Micro-Fiction Roundup XXVI: Walking The Dog
June 16, 2010 in Micro-Fiction Roundup
In last week’s Micro-Fiction Roundup, our host, Chillbear Latrigue, informed us of the culture significance of the number 25 and the milestone that was the 25th entry in this, the Micro-Fiction Roundup series. For me, however, 26 carries a deeper significance. I’m 26 years old. I was born on the 26th of December. 2 + 6 = 8, which, when you turn the number on it’s side, becomes the symbol for infinity, and that, although pretty damn nerdy, is pretty damn cool. And not to get all numerological and conspiracy theorist on ya (anyone else see the sneak preview of Rubicon last Sunday?), but when you subtract 16, another significant number, from 26, you get the amount of entries in last week’s roundup. Here’s the recap:
- IrishBreakfast — “It’ll Be Fine”
- Marshmueller — “Cuckoo For Cocoa Puffs”
- Swifter — “The Aftermath”
- Shelwood — An untitled piece involving pills and voices going away and other sweet, candy coatings.
- Chillbear Latrigue — “Suburban Paranoia”
- MilitantRubberDucky — “Tinfoil Hat”
- Geodejane — “Exclamation Point Crazy!”
- Geodejane — “Cobwebs”
- Shelwood — An untitled piece involving psychosis and paranoia and suicidal yet smug voices in the head.
- LilQuacker — An untitled piece I think could be called ‘Salad Bar S&M’
So that thing I said about the number 16 being significant or whatever? I have no idea what I’m talking about. Who does know what they’re talking about is Militant Rubber Ducky, last week’s winner and therefore decider of this last contest. Here’s the breakdown:
“After much deliberation, I have chosen Shelwood‘s second piece (the one she edited). Am I allowed to do that, pick one that was edited after submission to make the word count? I hope so, because it just happened. I love that it shows that not every thought you have is your own, and to be careful which one you listen to. I was very pleased with all the submissions; they made it damned hard to decide! Second place goes to Marshmueller for depicting that roller coaster of crazy we all go on. Third goes to Swifter; mixing righteous renegade justice and crazy know-it-all
bumsresidentially challenged people made for a great read. So there you have it; I’m going back to bed.”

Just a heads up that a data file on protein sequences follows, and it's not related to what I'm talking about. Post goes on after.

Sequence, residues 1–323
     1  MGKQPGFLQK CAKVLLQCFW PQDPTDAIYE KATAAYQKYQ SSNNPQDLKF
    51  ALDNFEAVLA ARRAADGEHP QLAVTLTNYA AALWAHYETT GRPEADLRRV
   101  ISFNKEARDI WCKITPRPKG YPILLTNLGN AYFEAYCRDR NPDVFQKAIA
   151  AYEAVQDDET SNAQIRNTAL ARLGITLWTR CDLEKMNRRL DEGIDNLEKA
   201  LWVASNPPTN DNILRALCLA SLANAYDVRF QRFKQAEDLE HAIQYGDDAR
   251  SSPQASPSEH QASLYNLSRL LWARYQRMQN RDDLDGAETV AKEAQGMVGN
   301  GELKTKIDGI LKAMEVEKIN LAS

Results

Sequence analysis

Congratulations, Shelwood! The winning submission was 91 words long, and not to get all numerological and conspiracy theorist on you again, but 9 – 1 = 8, and the number 8, which I pointed out previously, when turned on it’s side becomes the symbol for infinity. Significance! Here’s the winning entry:
They are hypercritical, like my thoughts are a blog and they are the commenters. Every little thing I do, I do wrong in their eyes. Eat too much, sleep too much, don’t keep my apartment tidy enough, don’t dress right. When I take a shower, they scream. They make the dogs in the neighborhood insult me too. Luckily, I am a very defiant person. When it crossed my mind that I could just kill myself to make it stop, they all said, “Fantastic.” So I knew that was a bad idea.
Shelwood’s winning entry is rife with all the elements of crazy. Were schizophrenia a product which one desired, then this entry could easily be a commercial for that product, with twice the caffeine and now in diet. The entry has everything you’d want in a schizophrenia commercial: blogging; shower-screams; suicidal smugness; defiance; and dog-walking. It is this last item of commercialism that inspires our new theme – It Happened While Walking The Dog: Conversations and/or Events overheard or witnessed or engaged in by you while either walking your dog or someone else involved in the story was walking theirs and yet the dog being walked doesn’t necessarily have to be real because maybe it’s a metaphor for something else in your story. Don’t let the long theme fool you, it’s really quite simple. Your entry can essentially be anything you’d like, so long as a dog or dog like characteristic is mentioned, or maybe you could write a story you think is really great but doesn’t necessarily have anything dog related, and then just title the piece “Doberman,” or “The Great Dane.” You see where I’m going with this. Observe!:
- Your entry must be 101 words or less; if you choose to title your piece, the title will not count against your 101; there is no limit on the amount of entries you can submit.
- The deadline will be Sunday night at midnight. This will give the judge 48 hours to submit his or her selection to me by Tuesday night at midnight.
- If I don’t receive the judge’s selection by one of the established methods (e-mail, Wordsmoker messaging or Facebook private messaging) I will be forced to make the selection so as not to delay the next week’s competition.
- The winner of Micro-Fiction Roundup automatically assumes the responsibility of judging the next week’s competition. Obviously that person can still submit writing, but can’t pick himself or herself as the winner. Otherwise we could end up with some sort of ridiculous perpetual judge situation.
- In the interest of keeping tradition, I will try to select themes based upon the previous week’s submissions when possible.
Shelwood, you’re the decider for this 26th contest. Chillbear Latrigue will again be your host next week, so make sure to get your decision to him by whatever means necessary, although I hear he prefers to get them in a locked attaché case that you drop off at a predetermined and inconspicuous location. Or facebook. That works too.
Yes, Micro-Fictioners, get those creative leashes and collars out and take your short fiction for a walk around the Wordsmoker block! And don’t hate me for the terrible puns.